> sense that the words ³book of the thousand nights and a night² are a common
> form in Arabic, while in English we have a slight shock of surprise. And this,
> of course, has not been intended by the original.
>
> Jansy: this clarifies a tiny ambiguity in your version. Was it simply Burton¹s
> uninformed Œliteralness¹ that caused an UNintended slight shock? I¹m tempted
> to query the ³unintended!² We may never know for certain, but my feeling is
> that polyglot-extraordinary Burton knew enough about Arabic & English
> enumerational idioms to realize the impact of his rendition: ŒBook of the
> Thousand Nights and a Night¹. This is only Œslightly shocking¹ if you take
> Burton¹s title as an idiomatic failure! You may think that the Arabic means
> only a mundane total of 1001 nights and must therefore be translated into the
> conventional English phrase for 1001 (Thousand and One)! On the other hand, as
> the very structure of the PLOT reveals, that putative Œfinal¹ tale/night is
> life¹n¹death different from the preceding one thousand. I believe that Burton
> deliberately echoes that fact, embedded (literally) in the Arabic, by using an
> apparently unusual English phrase. Subsequent editors have rather plumpenly
> Œcorrected¹ Burton¹s telling title.
>
> Borges concludes that the Arabic Œalif laila wa laila¹ holds no surpise for
> Arabic readers. He rashly adds an Œof course!¹
>
> And this [slight shock in English], of course, has not been intended by the
> original.
>
> I wonder if our resident Arabists could comment. It seems (with my almost zero
> command of Arabic) that there ARE perfectly valid, conventional ways of saying
> Œ1001 nights¹ in Arabic OTHER than Œ1000 nights and a night.¹ To order 21 Xs
> you would say ³ahad wa Œishrun Xs² (one and twenty Xs) NOT (usually) ³¹ishrun
> Xs wa X² (twenty Xs and an X). If a translator encountered ³¹ishrun Xs wa X²
> she might be tempted to take this as meaning ³Twenty Xs ‹ O MAKE THAT Twenty
> One!²
>
> Let¹s not forget that the TITLE for this collection of Tales is (i) not
> necessarily due to the tales¹ author[s]. Cf ŒThe Gospel according to Mark¹ is
> not found as a title on the original m/s. (ii) is not to be taken Œliterally.¹
> The numbers 1000 and 1001 are FULL OF EASTERN PROMISE (just like Fry¹s Turkish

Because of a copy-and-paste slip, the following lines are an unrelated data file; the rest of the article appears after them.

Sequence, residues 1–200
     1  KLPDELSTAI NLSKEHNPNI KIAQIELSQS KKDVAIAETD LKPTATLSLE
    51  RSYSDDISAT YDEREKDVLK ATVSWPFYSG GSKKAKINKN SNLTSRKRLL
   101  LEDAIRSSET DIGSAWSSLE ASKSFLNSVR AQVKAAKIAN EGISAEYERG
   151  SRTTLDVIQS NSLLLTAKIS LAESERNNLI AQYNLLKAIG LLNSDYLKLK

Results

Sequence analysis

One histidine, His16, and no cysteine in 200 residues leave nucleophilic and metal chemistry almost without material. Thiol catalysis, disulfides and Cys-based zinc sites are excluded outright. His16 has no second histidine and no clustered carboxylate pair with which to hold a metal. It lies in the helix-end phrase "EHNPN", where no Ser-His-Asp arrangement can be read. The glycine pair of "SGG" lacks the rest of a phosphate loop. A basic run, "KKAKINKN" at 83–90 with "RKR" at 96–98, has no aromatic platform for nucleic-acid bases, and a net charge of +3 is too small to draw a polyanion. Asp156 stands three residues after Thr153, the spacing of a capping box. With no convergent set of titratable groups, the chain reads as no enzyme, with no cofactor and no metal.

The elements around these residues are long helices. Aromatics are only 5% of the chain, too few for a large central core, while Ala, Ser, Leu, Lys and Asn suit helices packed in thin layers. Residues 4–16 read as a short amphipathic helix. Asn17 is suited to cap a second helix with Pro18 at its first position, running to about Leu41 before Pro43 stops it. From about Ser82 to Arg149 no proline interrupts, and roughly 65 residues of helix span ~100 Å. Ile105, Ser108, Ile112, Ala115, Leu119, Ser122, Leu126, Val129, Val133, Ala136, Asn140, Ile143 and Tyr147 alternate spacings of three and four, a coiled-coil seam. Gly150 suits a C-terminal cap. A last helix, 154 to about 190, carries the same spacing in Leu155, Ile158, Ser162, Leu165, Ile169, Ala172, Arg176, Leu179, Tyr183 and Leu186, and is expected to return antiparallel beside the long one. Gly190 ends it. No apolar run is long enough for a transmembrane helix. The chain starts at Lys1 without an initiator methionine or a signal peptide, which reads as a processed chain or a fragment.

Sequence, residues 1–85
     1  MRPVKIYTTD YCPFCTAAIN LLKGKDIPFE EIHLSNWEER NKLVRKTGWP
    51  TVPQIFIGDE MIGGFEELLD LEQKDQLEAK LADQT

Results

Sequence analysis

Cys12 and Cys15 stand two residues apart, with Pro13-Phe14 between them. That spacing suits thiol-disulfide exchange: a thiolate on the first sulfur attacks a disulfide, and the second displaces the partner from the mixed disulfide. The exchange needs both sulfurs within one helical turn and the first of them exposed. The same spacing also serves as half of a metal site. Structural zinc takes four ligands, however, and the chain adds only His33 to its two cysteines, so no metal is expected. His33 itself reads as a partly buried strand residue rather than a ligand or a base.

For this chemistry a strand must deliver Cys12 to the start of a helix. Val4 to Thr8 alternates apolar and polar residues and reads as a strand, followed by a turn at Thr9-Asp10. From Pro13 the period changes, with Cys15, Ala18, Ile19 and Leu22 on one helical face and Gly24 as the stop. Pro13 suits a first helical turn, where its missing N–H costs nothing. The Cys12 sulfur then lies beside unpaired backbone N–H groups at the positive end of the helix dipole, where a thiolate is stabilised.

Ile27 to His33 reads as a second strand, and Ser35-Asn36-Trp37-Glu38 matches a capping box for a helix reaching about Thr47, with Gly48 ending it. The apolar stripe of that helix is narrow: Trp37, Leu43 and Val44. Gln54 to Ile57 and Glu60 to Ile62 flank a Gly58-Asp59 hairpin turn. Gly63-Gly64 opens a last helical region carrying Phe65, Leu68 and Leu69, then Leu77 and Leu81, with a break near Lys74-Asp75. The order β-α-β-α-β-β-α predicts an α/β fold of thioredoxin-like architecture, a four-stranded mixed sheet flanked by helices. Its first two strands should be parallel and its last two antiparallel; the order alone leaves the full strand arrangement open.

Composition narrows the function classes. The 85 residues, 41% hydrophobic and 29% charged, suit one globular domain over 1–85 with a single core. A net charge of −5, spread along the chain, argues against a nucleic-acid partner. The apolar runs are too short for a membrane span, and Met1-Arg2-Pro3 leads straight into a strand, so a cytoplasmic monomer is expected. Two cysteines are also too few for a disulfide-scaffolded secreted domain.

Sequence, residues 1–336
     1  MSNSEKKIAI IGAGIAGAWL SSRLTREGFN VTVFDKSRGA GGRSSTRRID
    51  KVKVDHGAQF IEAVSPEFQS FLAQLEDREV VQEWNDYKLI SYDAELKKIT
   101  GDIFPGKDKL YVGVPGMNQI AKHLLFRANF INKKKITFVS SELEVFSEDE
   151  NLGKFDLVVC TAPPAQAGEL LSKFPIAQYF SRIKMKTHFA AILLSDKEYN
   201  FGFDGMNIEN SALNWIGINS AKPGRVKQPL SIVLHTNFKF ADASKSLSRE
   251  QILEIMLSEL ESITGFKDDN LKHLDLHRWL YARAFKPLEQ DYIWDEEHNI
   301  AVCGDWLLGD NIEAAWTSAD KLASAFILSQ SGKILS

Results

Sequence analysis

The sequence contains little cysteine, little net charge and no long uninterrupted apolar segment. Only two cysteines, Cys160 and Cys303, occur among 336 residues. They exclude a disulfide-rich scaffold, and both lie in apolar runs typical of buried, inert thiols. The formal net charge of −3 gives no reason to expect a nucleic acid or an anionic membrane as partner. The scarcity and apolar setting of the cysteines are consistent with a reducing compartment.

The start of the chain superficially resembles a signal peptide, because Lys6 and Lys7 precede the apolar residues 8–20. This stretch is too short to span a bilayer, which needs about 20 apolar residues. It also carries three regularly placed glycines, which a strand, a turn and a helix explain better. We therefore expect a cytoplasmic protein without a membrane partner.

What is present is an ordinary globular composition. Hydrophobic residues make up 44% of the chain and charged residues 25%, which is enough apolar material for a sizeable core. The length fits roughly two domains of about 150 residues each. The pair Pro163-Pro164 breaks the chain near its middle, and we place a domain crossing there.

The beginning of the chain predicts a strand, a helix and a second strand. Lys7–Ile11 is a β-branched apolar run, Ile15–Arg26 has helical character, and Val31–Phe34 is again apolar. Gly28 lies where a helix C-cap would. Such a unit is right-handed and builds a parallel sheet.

> Delight Candies). Cf Heinz¹s 57 varieties. Have you ever counted them? Hint:
> the Greek idiom: 57 meant ³a LOT.²
>
>
> ** See Neal Sokol¹s interview with Ilan Stavans (Literary Review, Spring,
> 2002):
>
> Neal: Susan Sontag argues, in an essay of hers in Where the Stress Falls, that
> there are three basic tactical approaches to handling translation: translation
> by explanation, translation by adoption, and translation by improvement. The
> last intrigues me the most. I wonder how often a translator improves the text
> beyond the ambitions of the original. Is it the translators job to do so?
>
> Ilan: I also like Sontag's idea of "translation by adoption." I'm not fully
> certain what she means (this often happens with Sontag), but what comes to
> mind is the fate of the Quitab alif laila ua laila, known to us as A Thousand
> and One Nights, in English and French: the [f?]act that to us it is a doorway
> to the Arab world, even though the tales are from Persia; and the benefit that
> that anthology has nurtured from the British, German, and French
> translators--Richard Francis Burton, Edward William Lane, Husain Haddawy, Enno
> Littmann, Antoine Galland, et al--that even dared to introduce altogether new
> characters nowhere to be found in the original. Translation as re-creation.
>
> Stan Kelly-Bootle
> ACM Queue¹s Curmudgeon
> http://www.acmqueue.com/


Search the archive: http://listserv.ucsb.edu/archives/nabokv-l.html
Search archive with Google:
http://www.google.com/advanced_search?q=site:listserv.ucsb.edu&HL=en

Contact the Editors: mailto:nabokv-l@utk.edu,nabokv-l@holycross.edu
Visit Zembla: http://www.libraries.psu.edu/nabokov/zembla.htm
View Nabokv-L policies: http://web.utk.edu/~sblackwe/EDNote.htm